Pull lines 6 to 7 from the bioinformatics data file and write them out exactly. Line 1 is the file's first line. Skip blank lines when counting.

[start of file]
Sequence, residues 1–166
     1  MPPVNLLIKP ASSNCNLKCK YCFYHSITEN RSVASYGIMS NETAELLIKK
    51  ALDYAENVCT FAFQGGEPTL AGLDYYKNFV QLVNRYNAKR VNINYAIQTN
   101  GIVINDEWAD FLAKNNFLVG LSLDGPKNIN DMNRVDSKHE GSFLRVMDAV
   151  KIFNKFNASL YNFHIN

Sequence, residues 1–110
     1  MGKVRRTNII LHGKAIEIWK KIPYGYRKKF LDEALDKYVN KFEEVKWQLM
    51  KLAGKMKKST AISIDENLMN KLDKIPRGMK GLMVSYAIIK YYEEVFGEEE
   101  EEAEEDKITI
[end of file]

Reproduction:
Sequence, residues 1–110
     1  MGKVRRTNII LHGKAIEIWK KIPYGYRKKF LDEALDKYVN KFEEVKWQLM